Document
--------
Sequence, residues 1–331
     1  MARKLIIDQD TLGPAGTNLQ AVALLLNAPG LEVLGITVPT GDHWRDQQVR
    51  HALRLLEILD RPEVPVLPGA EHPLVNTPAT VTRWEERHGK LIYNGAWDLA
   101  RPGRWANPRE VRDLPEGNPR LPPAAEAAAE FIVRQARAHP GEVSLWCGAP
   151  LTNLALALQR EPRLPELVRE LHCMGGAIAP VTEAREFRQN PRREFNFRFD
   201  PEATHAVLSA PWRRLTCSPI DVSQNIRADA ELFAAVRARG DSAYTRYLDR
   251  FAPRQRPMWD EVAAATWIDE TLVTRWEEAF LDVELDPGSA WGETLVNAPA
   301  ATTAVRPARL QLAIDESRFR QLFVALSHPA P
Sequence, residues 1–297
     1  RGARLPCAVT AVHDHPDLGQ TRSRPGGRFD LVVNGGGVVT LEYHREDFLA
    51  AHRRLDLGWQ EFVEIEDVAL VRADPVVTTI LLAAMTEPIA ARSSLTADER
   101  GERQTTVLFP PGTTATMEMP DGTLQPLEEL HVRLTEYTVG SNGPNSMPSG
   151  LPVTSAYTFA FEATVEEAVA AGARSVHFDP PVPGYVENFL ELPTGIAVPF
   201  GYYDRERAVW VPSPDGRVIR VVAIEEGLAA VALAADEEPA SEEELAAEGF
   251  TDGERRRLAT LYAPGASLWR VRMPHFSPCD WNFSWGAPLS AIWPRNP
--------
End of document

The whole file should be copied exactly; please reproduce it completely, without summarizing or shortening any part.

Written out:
Sequence, residues 1–331
     1  MARKLIIDQD TLGPAGTNLQ AVALLLNAPG LEVLGITVPT GDHWRDQQVR
    51  HALRLLEILD RPEVPVLPGA EHPLVNTPAT VTRWEERHGK LIYNGAWDLA
   101  RPGRWANPRE VRDLPEGNPR LPPAAEAAAE FIVRQARAHP GEVSLWCGAP
   151  LTNLALALQR EPRLPELVRE LHCMGGAIAP VTEAREFRQN PRREFNFRFD
   201  PEATHAVLSA PWRRLTCSPI DVSQNIRADA ELFAAVRARG DSAYTRYLDR
   251  FAPRQRPMWD EVAAATWIDE TLVTRWEEAF LDVELDPGSA WGETLVNAPA
   301  ATTAVRPARL QLAIDESRFR QLFVALSHPA P
Sequence, residues 1–297
     1  RGARLPCAVT AVHDHPDLGQ TRSRPGGRFD LVVNGGGVVT LEYHREDFLA
    51  AHRRLDLGWQ EFVEIEDVAL VRADPVVTTI LLAAMTEPIA ARSSLTADER
   101  GERQTTVLFP PGTTATMEMP DGTLQPLEEL HVRLTEYTVG SNGPNSMPSG
   151  LPVTSAYTFA FEATVEEAVA AGARSVHFDP PVPGYVENFL ELPTGIAVPF
   201  GYYDRERAVW VPSPDGRVIR VVAIEEGLAA VALAADEEPA SEEELAAEGF
   251  TDGERRRLAT LYAPGASLWR VRMPHFSPCD WNFSWGAPLS AIWPRNP